Want to discuss Transitions lenses more or learn more about them? Drop us a note at info@myeye2eye.com or schedule an appointment!

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Early Allergies, Start Treating Them Now

Early Allergies, Start Treating Them Now

Well, this unexpected March snowstorm and crushing cold will definitely help curb the bloom for a few more days, but with the warmer days last week some of you may be feeling the effects of early allergy symptoms.

Now is the best time to start treating them, early treatment will help curb the overall severity of your symptoms. Below we discuss a few ways you can begin treating your allergies now, to help minimize the misery this season.

1.) Preventing & treating itchy, watery eyes. 

-Always wash hands and face after coming in from outdoors, be sure to take frequent showers to remove pollen.
-Wash hair more often as pollen can linger in your hair and when you lie down on your pillow or couch, your face can rub around in it, exposing you to more of the allergens.
-Replace old makeup and use an applicator instead of fingers to prevent pollen contamination.
-There are great prescription eye drops you may use once a day to reduce and/or limit eye allergies. Contact lens wearers may still wear contacts if they wait 10 minutes after inserting the drops.

2.) Start taking your oral allergy medication now. 

– The sooner you start taking your oral allergy medication, the better. Ideally, just before or once the pollen count starts to creep up, then one should start taking their oral allergy medicine as well as their allergy eye drops.
-People new to the area might  feel that they have a cold, and after 1-2 years, they realize the pattern – its allergies! Again, the earlier the better when starting treatment!

 3.) Switch to single use contact lenses during allergy season.

-Use one day disposable contacts during allergy season so that you insert a fresh, pollen free lens each day. This will greatly reduce your symptoms and keep your eyes itch-free.
-For those who have moderate to severe allergies, discontinuing contact lenses when the pollen is at its peak cuts down on the pollen “sticking” on the lens and staying on the eye all day. If using single use lenses is not reducing your symptoms, switching to glasses during peak season may be a better choice.

5.) Warning signs of something more serious. 

If you have pain, decreased vision, or redness that gets worse, it could be signs of other eye issues and you should see the doctor right away.

6.) What about the kiddos?

 -Be sure to encourage kids to wash their hands and face after recess or coming in from outdoors.
-Have them change their clothes when they return home for the day.
-Keep bedroom windows closed during peak pollen days.
-Change pillow case if kids did not wash hair that day.
-Discuss with their pediatrician options for treating their overall allergy symptoms, like taking an oral allergy pill.

As always, if you need to see the doctor for your allergy symptoms and treatment, click here to make an appointment!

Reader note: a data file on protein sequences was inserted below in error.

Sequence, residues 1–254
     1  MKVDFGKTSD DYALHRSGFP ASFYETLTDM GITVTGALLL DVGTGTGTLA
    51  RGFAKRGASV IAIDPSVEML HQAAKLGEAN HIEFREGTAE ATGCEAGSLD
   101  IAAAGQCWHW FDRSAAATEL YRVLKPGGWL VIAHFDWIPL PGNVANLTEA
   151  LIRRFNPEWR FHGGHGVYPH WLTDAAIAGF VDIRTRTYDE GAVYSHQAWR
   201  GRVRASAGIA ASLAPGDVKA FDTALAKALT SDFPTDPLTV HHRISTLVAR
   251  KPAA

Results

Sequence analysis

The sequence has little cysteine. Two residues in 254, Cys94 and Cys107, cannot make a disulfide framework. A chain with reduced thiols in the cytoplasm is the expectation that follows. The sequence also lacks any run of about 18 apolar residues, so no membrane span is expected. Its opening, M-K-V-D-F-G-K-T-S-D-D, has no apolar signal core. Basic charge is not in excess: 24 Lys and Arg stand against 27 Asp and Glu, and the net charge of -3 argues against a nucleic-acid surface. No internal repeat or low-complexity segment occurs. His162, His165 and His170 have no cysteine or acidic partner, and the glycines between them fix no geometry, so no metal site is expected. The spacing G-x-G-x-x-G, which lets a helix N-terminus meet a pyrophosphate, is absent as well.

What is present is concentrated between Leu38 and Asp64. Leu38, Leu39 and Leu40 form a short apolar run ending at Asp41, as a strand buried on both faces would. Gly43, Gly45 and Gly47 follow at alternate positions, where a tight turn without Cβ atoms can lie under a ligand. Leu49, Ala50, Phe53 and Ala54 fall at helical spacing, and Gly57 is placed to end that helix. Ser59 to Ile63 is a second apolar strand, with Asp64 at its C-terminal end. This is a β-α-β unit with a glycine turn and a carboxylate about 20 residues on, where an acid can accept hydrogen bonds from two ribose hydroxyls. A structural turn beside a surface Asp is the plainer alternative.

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Menopause & Dry Eyes

Menopause & Dry Eyes

Did you know that about 61 percent of perimenopausal and menopausal women suffer from dry, itchy eyes — but only 16 percent of them realize that menopause is to blame? This according to the Society for Women’s Health Research.

If you are experiencing menopause and dry eye symptoms you may be left asking, what can you do about it?

First of all, we must correctly identify the symptoms of dry eyes: consistent dryness, blurred vision that fluctuates, light sensitivity, burning and a gritty sensation are the main symptoms to look out for. Excess tearing is also a symptom of dry eyes. People often confuse this with not having dry eyes, but the body is actually trying to compensate from the lack of moisture by producing more tears.

Once we’ve identified the symptoms and diagnosed dry eyes, we can discuss ways to manage the symptoms. Luckily there are several options for  finding relief and minimizing symptoms. Below we discuss a few options.

1. Preservative free artificial tear supplements. You want to choose a preservative free supplement in order to minimize your exposure to preservatives since you will be using the drops 2-3x per day.

2. The 20/20/20 rule. When working on the computer or reading, every 20 minutes, look at something 20 feet away for 20 seconds. Computer use and reading decrease your blink rate and the surface of your eye dries out faster than normal.

3. Add a humidifier near your desk at work and near your bed at home. Sometimes your eyelids may not close all the way while sleeping and the exposed surface will dry out faster. A humidifier helps to keep your eyes moist throughout the night.

4. If you are a contact lens-wearer, decrease your wear time in your contact lenses. Your days of over-wearing your contact lenses are over…If you want to stay a happy, comfortable wearer, take out lenses earlier and wear your glasses. Give your eyes more of a break!

5. See your eye care professional for prescription eye drop options. Restasis is the only eye drop available on the market that stimulates your body to produce its own tears.

6. Improving your diet. Increase your intake of salmon, tuna, walnuts and flaxseed. They are all great sources of Omega-3 fatty acids. You may also take an Omega-3 supplement.

If you are suffering from dry eyes and think it may be related to menopause, make an appointment with us and we’ll help you navigate your options.